Cryo-EM win for UK science

Editorial

Rebecca Pool

Thursday, March 9, 2017 - 14:15
Image: 3D cryo-EM map of a macromolecule (L) and its derived protein structure (R). [Speck lab]
 
A facility for cryo-electron microscopy is being established by a consortium of UK institutions, including Imperial College London, University of York, University of Exeter, University of Cambridge and Birkbeck, University of London.
 
The facility will support UK structural biologists and is funded by the Wellcome Trust with strong institutional support.
 
Plans are underway to site the facility at the Francis Crick Institute.
 
The new instrument, which is the current state-of-the-art of cryo-EM technology, is due to arrive within the year and is expected to be operational in early 2018.
 
The cryo-EM is hoped to be part of a larger cryo-EM facility at Crick that will facilitate further interactions between the consortium institutions and Crick researchers.
 
A bacterial pore-forming toxin captured by cryo-electron microscopy; the dark blue ring is the protein which attacks host membranes. [Helen Saibil, Wellcome Images]
 
Professor Xiaodong Zhang, the lead Principal Investigator for the new facility, from the Department of Medicine at Imperial, says: “To have rapid local access to this new technology is absolutely key for our research and discovery as well as for maintaining our international competitiveness."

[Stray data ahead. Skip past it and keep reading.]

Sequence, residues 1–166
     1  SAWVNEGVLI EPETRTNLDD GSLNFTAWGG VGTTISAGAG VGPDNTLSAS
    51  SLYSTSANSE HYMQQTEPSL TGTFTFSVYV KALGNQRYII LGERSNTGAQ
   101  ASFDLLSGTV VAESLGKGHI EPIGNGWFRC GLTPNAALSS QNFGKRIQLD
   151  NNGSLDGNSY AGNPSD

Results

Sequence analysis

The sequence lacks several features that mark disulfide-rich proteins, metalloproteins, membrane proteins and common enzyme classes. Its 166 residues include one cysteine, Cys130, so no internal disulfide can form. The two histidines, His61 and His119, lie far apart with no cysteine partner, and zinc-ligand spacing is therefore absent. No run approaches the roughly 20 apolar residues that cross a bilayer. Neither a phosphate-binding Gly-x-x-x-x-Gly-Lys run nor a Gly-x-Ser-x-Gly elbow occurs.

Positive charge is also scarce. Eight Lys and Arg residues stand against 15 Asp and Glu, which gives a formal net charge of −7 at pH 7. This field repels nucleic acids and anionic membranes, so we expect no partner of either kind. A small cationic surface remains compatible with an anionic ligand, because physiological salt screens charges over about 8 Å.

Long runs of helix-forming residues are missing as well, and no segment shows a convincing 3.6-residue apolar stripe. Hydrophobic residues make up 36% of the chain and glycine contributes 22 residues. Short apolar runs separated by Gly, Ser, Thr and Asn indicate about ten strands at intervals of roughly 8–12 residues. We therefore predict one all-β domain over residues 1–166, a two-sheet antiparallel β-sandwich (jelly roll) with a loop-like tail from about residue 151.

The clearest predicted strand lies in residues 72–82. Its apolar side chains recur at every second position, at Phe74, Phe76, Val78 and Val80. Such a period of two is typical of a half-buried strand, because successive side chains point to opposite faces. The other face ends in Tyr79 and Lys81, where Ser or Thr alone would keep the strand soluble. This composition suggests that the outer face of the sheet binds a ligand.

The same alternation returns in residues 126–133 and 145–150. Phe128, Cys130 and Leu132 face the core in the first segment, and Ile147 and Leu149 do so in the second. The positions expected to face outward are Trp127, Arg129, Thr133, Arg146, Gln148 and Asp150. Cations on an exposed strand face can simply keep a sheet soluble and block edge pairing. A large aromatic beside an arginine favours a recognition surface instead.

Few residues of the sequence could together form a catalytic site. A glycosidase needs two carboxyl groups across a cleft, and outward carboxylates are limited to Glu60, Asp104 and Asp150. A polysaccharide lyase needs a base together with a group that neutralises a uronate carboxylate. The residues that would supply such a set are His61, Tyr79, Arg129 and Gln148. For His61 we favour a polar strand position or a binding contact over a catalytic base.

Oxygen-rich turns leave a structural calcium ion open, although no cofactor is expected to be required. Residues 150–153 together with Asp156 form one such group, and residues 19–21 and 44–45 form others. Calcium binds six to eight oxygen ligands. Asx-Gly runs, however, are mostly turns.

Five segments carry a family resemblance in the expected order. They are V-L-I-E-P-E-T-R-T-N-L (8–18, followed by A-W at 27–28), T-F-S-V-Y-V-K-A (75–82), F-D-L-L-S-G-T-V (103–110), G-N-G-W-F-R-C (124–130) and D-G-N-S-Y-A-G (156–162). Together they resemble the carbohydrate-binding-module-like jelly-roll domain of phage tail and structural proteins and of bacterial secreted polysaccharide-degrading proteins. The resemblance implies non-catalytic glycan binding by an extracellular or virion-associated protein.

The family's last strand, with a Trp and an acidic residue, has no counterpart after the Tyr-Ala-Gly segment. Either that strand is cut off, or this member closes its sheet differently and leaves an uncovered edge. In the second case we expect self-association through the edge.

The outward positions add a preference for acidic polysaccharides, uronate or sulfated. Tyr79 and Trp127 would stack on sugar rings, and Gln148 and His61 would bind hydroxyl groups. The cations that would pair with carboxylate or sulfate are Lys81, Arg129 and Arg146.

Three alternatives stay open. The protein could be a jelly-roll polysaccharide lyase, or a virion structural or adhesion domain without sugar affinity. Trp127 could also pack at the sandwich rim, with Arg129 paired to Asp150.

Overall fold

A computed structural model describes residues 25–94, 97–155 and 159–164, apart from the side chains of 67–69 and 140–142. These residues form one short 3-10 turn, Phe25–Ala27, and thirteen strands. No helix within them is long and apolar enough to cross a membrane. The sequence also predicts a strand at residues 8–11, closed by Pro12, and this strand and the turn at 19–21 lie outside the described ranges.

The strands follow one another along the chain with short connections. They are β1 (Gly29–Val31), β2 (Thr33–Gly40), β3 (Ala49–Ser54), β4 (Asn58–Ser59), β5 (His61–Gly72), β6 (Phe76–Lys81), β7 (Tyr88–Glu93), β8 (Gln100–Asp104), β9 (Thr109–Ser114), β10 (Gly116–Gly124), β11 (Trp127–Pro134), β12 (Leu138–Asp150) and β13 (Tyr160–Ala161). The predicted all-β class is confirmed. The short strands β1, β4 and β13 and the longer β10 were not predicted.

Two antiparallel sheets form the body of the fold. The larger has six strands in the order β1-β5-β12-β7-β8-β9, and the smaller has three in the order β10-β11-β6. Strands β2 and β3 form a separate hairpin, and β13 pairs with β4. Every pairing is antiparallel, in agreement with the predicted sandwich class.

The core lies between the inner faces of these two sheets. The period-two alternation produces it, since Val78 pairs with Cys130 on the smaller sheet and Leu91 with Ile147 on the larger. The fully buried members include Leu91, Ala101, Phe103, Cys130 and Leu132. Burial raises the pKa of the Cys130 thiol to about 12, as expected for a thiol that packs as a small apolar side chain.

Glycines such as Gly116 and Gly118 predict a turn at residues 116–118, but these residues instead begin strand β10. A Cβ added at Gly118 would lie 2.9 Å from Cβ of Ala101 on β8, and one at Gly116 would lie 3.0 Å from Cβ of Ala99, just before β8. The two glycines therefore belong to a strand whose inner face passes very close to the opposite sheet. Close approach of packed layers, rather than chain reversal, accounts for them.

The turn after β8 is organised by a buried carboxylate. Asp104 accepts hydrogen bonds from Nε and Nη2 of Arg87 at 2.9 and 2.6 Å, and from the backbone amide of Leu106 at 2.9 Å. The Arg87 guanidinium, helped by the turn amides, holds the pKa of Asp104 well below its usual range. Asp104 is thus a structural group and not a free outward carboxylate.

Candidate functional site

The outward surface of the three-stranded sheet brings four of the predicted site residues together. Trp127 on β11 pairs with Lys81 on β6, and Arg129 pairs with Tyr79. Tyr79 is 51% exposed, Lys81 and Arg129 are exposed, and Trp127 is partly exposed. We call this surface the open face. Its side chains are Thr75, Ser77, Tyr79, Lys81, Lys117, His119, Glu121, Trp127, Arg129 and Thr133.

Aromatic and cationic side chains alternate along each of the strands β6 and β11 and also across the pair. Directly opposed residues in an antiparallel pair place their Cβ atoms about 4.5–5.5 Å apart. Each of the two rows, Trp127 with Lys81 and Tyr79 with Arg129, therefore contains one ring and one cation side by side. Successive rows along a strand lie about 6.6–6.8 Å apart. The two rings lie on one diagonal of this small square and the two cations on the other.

Zhang works on large macromolecular machines involved in a number of fundamental biological pathways, including DNA damage repair in humans and gene transcription in bacteria.
 
“We had been working on the mechanism of gene transcription for 10-15 years," explains Zhang. "The revolution of this technique has now made it possible for us to capture these very large, dynamic and transient complexes; something that would have been impossible with the traditional method of crystallography.”
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